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Old 06-22-2009, 01:46 PM   #1
TXCrash
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Jamil's dark mild. Pitched with nottingham (not the right yeast choice, but lets move past that). This should be an approximately 3-4% ABV brew but I didn't measure OG or FG.
Grain/Extract/Sugar % Amount Name Origin Extract SRM 74.1 5.00 lbs. Pale Malt Halcyon Great Britain 1.027 3 7.4 0.50 lbs. Chocolate Malt - Light Great Britain 1.002 200 7.4 0.50 lbs. Crystal 120L America 1.002 120 11.1 0.75 lbs. Crystal 60L America 1.004 60
Exract represented as SG.

Hops Amount Name Form Alpha IBU Boil Time 0.70 oz. Goldings - E.K. Pellet 5.00 17.2 60 min
Brewed up 5-24, kegged and chilled 6-8 (dates are approximate). Got really hot that week and had no temp control set up. Indoor "room" temps reached 85 - fermentation occured within enclosed closet - so ferment temps probably ranged between 80* and 90*

Now, the beer is... drinkable... kinda.... but not... good.

In the wife's words, it tastes "dirty". Kind of a hot alchohol mixed with a little over ripe unidentified fruit taste and smell. I'm fairly confident that this taste is purely because of heat and not sanitation procedures.

So... she had a primary of roughly 2 weeks and has been in a cold keg for roughly 2 weeks.

So here's my dillema: time heals all things, but milds are supposed to be drunk young. This thing needs aging of some sort to let the esters die down - at which point the "freshness" will be in question.

No worries - I now have several options for temperature control... just not sure what to do with THIS beer. Any ideas on what to do? (store warm, store cold XXX weeks.) I can taste that there's a good beer behind the nasty esters - but it's just not here...
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Old 06-22-2009, 01:49 PM   #2
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If you have the space to keep it, you could try it. Nottingham fermented above about 72 degrees sure does taste nasty, though. If it was almost 90, I don't think it'll improve much.
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Old 06-22-2009, 04:13 PM   #3
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I made a light beer, that had this funky but mild sharp taste. This was at 6 weeks in the bottle. It was drinkable, but certainly not a repeat offender. My visitors would hate me if I served them this beer.

However, after 10 weeks in the bottle, the wild funky taste disappeared. Smooth indeed. It's beer as intended.

 
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Old 06-22-2009, 04:39 PM   #4
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More patience required.

 
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Old 06-22-2009, 04:44 PM   #5
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I'll ditto YB. Hot alcohols don't age out, but if that isn't the problem, give it a chance.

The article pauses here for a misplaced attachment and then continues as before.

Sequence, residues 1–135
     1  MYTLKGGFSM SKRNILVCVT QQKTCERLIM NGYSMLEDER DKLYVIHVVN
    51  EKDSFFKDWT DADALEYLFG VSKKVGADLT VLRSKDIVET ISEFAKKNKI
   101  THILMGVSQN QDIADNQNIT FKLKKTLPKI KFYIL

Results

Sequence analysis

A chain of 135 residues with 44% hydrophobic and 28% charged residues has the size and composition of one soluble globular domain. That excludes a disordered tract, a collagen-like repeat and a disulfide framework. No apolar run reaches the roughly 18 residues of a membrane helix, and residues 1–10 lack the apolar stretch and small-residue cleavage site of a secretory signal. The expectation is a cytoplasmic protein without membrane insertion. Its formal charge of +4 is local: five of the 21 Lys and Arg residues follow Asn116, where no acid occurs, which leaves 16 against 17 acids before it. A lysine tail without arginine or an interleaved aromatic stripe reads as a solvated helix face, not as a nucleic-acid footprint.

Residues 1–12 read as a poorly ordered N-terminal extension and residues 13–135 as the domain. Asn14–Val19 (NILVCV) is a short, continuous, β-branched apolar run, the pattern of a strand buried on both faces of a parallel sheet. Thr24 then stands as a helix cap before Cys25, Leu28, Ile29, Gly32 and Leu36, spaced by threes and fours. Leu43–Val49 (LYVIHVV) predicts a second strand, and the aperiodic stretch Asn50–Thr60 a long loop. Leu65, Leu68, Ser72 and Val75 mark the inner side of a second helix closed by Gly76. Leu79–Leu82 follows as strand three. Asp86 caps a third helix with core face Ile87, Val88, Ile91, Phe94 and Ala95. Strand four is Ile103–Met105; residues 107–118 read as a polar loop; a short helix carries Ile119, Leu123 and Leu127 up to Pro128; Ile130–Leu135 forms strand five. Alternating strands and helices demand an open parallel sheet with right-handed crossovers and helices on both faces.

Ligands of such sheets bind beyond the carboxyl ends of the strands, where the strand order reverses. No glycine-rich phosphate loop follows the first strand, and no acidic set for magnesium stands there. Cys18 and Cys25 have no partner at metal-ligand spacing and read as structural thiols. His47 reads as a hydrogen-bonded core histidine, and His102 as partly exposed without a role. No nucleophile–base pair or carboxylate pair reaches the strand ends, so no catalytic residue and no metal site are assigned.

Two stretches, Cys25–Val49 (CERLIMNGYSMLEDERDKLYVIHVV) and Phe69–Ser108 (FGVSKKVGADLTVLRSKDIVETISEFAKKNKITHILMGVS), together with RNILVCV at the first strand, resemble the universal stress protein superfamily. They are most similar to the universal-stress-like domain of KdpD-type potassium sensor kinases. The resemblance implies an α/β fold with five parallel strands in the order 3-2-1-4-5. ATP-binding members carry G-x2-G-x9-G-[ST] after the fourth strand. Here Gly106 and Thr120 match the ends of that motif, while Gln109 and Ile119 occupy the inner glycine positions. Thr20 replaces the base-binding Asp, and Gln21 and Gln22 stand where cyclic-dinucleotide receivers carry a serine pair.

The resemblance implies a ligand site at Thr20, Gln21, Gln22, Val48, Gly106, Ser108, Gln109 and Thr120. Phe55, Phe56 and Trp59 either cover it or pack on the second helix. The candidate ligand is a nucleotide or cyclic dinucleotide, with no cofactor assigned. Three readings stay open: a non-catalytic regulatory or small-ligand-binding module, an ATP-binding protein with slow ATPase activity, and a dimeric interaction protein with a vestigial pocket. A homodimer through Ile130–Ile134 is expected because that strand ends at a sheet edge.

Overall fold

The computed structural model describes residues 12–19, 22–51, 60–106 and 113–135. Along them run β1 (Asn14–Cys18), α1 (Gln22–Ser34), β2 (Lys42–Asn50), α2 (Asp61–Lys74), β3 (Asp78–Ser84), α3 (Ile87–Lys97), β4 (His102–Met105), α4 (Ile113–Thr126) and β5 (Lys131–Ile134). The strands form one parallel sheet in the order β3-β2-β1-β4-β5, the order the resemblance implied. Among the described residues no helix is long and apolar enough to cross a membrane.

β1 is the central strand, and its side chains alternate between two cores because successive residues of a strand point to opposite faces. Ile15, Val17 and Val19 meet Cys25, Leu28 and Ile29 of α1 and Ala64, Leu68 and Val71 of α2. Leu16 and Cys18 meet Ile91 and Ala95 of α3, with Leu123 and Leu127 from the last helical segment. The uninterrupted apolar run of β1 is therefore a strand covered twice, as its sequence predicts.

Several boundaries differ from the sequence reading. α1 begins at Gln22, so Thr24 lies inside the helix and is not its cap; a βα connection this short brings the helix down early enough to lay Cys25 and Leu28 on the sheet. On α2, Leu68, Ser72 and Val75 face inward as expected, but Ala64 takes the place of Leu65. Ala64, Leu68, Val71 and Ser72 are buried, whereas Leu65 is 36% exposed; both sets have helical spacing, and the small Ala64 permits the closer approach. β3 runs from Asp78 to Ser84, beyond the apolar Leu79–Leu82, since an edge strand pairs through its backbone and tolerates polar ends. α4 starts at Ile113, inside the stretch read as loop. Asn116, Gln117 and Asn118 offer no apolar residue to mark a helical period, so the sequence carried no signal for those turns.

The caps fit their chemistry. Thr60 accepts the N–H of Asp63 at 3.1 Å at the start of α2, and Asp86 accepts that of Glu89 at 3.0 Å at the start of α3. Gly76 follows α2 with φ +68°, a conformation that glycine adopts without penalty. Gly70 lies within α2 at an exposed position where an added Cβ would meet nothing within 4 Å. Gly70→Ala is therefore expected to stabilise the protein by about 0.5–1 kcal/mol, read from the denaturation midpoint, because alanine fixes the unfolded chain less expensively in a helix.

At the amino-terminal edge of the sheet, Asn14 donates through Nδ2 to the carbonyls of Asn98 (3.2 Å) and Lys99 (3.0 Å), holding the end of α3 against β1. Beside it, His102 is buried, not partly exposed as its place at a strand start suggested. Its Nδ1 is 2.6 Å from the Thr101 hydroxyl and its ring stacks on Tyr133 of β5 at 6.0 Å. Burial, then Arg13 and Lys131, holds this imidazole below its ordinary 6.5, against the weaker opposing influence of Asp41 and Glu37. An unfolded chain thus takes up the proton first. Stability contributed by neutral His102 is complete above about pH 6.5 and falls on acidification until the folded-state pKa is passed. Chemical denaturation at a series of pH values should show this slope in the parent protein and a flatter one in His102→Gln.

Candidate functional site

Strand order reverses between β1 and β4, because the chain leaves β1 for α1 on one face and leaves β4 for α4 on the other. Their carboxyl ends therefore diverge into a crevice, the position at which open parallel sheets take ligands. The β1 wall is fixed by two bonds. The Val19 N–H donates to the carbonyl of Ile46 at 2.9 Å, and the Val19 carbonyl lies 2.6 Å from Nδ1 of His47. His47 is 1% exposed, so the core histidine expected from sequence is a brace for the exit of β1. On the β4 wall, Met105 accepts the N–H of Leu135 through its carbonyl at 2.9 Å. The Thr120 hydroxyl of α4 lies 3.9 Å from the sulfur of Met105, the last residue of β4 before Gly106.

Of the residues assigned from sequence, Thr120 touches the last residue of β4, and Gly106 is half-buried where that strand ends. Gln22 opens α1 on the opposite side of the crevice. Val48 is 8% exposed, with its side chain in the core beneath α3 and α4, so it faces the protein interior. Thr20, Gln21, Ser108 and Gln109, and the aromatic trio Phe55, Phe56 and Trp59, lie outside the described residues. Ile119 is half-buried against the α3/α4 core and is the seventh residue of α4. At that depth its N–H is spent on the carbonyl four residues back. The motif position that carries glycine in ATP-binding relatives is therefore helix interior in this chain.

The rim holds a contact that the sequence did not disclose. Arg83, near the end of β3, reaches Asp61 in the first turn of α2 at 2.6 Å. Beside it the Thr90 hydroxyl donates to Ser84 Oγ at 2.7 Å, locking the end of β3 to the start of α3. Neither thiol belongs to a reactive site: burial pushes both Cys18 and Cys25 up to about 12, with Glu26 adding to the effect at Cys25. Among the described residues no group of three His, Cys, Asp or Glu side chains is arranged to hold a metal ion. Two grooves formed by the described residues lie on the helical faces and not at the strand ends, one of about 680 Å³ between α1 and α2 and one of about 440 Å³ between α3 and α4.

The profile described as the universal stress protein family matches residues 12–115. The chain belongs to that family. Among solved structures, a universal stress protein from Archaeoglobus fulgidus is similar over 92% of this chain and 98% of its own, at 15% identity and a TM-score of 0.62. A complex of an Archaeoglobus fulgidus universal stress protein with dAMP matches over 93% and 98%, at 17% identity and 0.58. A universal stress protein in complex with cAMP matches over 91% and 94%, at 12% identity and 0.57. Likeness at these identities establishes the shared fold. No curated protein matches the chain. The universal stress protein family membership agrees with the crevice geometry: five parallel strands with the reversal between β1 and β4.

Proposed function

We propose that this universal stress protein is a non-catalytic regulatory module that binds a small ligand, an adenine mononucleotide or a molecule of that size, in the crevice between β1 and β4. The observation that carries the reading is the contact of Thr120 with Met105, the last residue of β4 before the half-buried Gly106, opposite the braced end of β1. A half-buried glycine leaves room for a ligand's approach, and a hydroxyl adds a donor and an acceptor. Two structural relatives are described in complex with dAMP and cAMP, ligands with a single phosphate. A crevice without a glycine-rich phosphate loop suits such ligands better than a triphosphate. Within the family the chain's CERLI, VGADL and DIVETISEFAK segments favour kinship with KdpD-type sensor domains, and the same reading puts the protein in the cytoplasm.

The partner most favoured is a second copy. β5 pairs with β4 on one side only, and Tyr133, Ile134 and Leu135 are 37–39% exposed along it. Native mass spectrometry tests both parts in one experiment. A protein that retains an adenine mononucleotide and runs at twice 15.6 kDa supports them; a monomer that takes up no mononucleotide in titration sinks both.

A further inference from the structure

Milds can be drunk young, but don't have to be.
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Old 06-22-2009, 04:48 PM   #6
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I don't agree David...Hot alcohol tastes DO mellow sometimes with age...my 1.090 Belgian dark is a case in point...after 4 months it is finally losing that hot alcohol, rocket fuel taste and is mellowing nicely.

But sometimes what we think is one thing is STILL just green...

If you have the space, put the keg aside in room temp....and revisited it in a month...

We have proved on this thread Waaayyy too often the merits of patience...

http://www.homebrewtalk.com/f39/neve...en-beer-73254/
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Old 06-22-2009, 05:22 PM   #7
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Since his target ABV is around 4%, I doubt his issue is due to high alcohol "heat". Fusel alcohols that were generated during high temp fermentation would be more likely culprits. Aging won't tame those or the esters that give the "over ripe" fruit smell. It may mellow a little, but those flavors are going to be there. Another issue is that if there are enough fusel alcohols, you could have headache beer.

 
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Old 06-22-2009, 05:24 PM   #8
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+1 to the Reverend
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Old 06-22-2009, 05:48 PM   #9
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Is there going to be enough yeast activity in kegged beer to oxidize fusel oils? I know that bottle conditioning or long term storage in a secondary fermenter can tame some of the heat in high OG beers.

Still, it is always better to set aside a beer that isn't quite right. Yeast is wonderful at correcting problems with our beer. Even if it takes them a while to do it.

 
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Old 06-22-2009, 10:51 PM   #10
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Keep it around for several weeks more before you think about dumping it. Plus, you can always just serve it ICE COLD to mellow down the flavors. Like 33 F / hurt-your-teeth cold. That'll tame those flavors down a bit.
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